What To Do When Confederate Symbols Can't Be Removed


Relocating such symbols is itself a symbolic act that represents a healthy evolution in a community's thinking about who it is and who it hopes to become, Harris says. (Photo: Jim Bowen / Wikimedia Commons)

Teachers are often accused of thinking that education is the solution to every problem.

While such thinking is reason to believe the truth of the old saying, "Every generalization is false, including this one," there is good evidence that knowledge and understanding can help with the various problems that can afflict us.

Recent attention to symbols and their power to evoke deep and strong responses has produced fruitful dialogue about realities that lurk beneath the surface of our collective experience.

This dialogue has exposed infections in our common life that are detrimental to our political, moral and spiritual health.

Symbols by their very nature have meaning. I remember Paul Tillich's distinction between a "sign" and a "symbol" - both of which point beyond themselves to something else.

A sign (to an exit or a restroom) merely gives direction, while a symbol (a flag, a cross or a memorial statue) actually participates in the reality to which it points, evoking an emotional response based on the level of one's own participation in that reality.

The symbols of recent debate and protest are controversial because they point to and participate in features of our common life that have been oppressive, cruel and unjust.

Their presence can be an in-your-face effort to validate a sense of superiority and a justification of injustice.

When such symbols can be removed, especially from official public space, they should be, with clearly stated reasons for doing so, as has been done in many places.

Memorial statues by their nature can exclude and represent disrespect of portions of a population, even by previous generations.

Relocating such symbols is itself a symbolic act that represents a healthy evolution in a community's thinking about who it is and who it hopes to become.

Resistance to such broadening of understanding is to be expected as a given symbol is often seen in different ways from different vantage points.

A local expression of this process in my area involves the much visited Stone Mountain Memorial Park, established officially as a Confederate memorial, with numerous displays of Civil War reminders, and street names for prominent Confederate figures.

The most prominent, as many know, is the mammoth carving on the north face of the mountain of three horse-mounted leaders of the Confederacy - a gigantic sculpture with its own interesting history a half-century in the making.

For the last half-century, this image has been the public face for the unique geological wonder that embraces a much longer history reaching back to now-lost native American culture.

Interest in removing or relocating symbols that represent a darker side of our past has also led to suggestions that this carving be removed - a project that would not only be costly but also would further disfigure the face of the mountain.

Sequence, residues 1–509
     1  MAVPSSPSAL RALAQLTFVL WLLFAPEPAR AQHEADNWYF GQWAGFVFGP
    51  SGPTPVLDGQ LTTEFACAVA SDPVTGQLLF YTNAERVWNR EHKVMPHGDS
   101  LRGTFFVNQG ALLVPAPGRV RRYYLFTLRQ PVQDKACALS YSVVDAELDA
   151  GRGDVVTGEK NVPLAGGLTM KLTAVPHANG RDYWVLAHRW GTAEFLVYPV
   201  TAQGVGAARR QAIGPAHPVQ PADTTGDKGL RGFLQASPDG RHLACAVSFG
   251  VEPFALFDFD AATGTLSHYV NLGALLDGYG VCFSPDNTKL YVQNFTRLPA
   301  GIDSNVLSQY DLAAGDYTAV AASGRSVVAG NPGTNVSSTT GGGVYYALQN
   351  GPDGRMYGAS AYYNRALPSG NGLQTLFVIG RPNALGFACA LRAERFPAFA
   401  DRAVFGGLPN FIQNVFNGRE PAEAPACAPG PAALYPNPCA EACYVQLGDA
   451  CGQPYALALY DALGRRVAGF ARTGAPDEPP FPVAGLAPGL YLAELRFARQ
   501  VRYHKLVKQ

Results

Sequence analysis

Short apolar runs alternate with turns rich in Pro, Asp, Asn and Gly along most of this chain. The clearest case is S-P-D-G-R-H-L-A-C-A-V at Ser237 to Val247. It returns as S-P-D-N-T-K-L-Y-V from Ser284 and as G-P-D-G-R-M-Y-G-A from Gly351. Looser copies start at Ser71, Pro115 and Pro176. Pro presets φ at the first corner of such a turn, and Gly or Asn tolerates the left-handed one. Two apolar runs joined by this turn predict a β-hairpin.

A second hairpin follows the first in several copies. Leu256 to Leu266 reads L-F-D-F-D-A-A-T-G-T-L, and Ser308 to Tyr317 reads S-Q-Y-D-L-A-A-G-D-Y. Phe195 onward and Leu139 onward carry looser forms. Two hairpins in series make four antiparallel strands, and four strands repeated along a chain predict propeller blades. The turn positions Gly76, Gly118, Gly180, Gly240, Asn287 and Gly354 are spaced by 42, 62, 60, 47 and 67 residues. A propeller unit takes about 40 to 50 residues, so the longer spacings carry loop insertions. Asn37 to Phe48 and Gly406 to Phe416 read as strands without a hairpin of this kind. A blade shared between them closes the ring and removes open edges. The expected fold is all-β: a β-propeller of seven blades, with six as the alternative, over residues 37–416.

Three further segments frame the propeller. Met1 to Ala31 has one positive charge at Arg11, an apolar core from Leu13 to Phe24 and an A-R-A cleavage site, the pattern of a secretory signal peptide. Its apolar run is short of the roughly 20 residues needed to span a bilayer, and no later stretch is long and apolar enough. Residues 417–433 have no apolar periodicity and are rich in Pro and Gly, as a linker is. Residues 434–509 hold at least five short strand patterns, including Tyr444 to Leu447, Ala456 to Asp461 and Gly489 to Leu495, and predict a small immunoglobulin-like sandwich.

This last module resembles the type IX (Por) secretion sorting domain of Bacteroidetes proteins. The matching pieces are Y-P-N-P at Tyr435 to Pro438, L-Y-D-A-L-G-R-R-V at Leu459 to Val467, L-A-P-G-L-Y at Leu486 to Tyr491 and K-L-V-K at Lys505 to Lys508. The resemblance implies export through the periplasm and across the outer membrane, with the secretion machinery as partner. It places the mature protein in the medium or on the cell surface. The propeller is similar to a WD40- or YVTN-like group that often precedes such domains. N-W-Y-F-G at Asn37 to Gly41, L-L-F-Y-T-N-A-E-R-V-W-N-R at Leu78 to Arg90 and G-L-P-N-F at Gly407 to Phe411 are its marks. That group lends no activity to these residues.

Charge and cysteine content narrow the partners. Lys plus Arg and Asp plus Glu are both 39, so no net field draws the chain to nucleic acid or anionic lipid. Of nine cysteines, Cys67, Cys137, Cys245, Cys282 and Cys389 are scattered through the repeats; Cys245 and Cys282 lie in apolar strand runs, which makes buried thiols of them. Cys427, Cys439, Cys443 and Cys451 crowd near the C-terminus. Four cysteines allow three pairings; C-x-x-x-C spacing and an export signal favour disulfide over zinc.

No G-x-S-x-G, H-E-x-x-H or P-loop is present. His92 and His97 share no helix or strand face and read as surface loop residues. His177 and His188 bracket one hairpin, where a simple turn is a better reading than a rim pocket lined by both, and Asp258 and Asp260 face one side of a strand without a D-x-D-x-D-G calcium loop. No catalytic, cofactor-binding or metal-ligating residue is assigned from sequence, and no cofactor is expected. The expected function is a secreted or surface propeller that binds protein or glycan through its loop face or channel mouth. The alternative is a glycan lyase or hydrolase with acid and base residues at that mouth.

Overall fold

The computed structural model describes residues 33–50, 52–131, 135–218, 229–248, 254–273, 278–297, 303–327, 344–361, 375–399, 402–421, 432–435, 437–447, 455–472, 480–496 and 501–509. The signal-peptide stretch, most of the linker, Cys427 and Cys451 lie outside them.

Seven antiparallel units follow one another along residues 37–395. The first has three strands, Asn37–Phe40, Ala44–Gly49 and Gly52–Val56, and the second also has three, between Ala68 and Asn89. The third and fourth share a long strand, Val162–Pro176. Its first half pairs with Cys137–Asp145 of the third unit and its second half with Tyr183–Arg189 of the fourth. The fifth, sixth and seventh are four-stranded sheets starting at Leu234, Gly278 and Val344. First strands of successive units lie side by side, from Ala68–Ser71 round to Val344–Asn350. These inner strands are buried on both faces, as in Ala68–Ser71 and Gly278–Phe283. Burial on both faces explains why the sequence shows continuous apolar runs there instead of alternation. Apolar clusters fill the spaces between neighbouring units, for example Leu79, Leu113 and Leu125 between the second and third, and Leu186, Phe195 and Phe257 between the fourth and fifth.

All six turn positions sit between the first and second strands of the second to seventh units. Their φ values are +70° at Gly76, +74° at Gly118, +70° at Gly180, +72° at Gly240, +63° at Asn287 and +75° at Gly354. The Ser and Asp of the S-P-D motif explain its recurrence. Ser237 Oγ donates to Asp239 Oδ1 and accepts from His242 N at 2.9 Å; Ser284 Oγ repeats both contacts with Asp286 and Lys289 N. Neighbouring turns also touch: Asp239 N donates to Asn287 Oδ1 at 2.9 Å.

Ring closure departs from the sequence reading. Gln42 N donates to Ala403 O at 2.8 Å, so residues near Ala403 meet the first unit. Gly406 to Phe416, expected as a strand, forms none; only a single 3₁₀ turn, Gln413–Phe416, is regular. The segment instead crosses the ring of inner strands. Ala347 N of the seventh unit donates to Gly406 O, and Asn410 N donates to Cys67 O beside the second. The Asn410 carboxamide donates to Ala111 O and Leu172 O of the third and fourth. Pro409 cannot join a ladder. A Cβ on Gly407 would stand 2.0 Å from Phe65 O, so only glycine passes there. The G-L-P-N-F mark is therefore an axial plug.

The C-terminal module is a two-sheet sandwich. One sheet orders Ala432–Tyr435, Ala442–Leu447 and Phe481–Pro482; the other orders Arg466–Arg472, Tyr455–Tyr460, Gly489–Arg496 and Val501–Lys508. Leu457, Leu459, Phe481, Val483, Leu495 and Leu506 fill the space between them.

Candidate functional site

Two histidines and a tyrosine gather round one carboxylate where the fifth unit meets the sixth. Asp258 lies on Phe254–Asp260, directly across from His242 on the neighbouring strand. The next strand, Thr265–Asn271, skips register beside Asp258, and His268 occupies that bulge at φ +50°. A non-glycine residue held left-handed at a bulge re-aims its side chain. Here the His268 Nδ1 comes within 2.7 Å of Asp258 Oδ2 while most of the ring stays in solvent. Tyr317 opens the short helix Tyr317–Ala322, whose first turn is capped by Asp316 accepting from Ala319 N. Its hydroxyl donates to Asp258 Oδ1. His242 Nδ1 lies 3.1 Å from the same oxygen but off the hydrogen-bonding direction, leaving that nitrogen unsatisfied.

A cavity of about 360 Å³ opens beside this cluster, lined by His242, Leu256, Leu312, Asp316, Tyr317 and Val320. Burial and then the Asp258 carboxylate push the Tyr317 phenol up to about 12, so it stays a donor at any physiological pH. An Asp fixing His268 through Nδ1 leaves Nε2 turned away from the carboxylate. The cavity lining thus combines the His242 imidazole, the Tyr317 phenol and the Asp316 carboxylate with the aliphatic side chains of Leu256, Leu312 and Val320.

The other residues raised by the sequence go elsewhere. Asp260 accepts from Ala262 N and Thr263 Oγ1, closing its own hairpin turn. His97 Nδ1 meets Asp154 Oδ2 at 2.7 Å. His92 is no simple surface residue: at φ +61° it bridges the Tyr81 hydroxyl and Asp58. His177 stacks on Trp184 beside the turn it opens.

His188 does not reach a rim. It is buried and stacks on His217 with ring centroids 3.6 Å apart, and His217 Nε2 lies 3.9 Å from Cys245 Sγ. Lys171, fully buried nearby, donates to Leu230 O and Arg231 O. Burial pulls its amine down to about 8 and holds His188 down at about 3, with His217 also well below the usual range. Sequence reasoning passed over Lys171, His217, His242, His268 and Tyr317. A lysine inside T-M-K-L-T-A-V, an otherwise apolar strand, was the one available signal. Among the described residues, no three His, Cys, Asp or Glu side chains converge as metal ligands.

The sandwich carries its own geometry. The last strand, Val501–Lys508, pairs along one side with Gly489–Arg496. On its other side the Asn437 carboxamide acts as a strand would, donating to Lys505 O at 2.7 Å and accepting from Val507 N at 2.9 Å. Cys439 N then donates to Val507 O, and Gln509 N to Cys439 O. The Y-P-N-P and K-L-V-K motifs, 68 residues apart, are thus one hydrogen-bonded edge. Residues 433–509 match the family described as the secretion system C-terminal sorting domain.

Practicality will probably prevail in response to this suggestion as economics and logistics would seem prohibitive.

This thought has led me to think of a modest suggestion (remember how teachers look to education for answers).

Where a symbol like the Stone Mountain carving exists, and indeed where the whole park itself represents a memorial to the Confederacy, why not add more symbols to expand the context of that part of our heritage that includes the Confederacy?

With the displays that celebrate the South's part of the mid-19th century, there could be exhibits that teach about how the South became dependent on a plantation system that existed on the backs of slaves captured and brought unwillingly to this continent.

There could be a comprehensive exhibit on the Ku Klux Klan, whose revival in 1915 took place exactly on the site of the mountain.

Its philosophy, symbols, costumes and terroristic practices (cross burning) could be portrayed along with observations that the park's Lake Venable is named for the mountain's previous owner and Grand Dragon of the Klan.

There could be a civil-rights exhibit to commemorate those who fought courageously to dismantle the structures of oppression and restriction that found legitimacy in the earlier symbols.

Where is it not practical to remove or relocate some symbols, why not add more to build a broader framework of understanding so that today's and tomorrow's children will see the "bigger picture" of who we are as a people?

When the curators of Israel's history framed the narrative of arrival in the promised land, the highly symbolic crossing of the Jordan is accompanied by Joshua's instruction to set up the 12 stones they had taken out of the river: "When your children ask their parents in time to come, 'What do these stones mean?' Then you shall let your children know, 'Israel crossed over the Jordan here on dry ground'" (Joshua 4: 21-22).

The testimony suggests that "Jordan crossings" happen in all generations of the covenant journey. It is probably important to remember to include all the stones and to remember to tell the children what they mean.

Colin Harris is professor emeritus of religious studies at Mercer University and a member of Smoke Rise Baptist Church in Stone Mountain, Georgia.

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Tags: Colin Harris, Confederacy, Education, Monuments, Racism, Symbols


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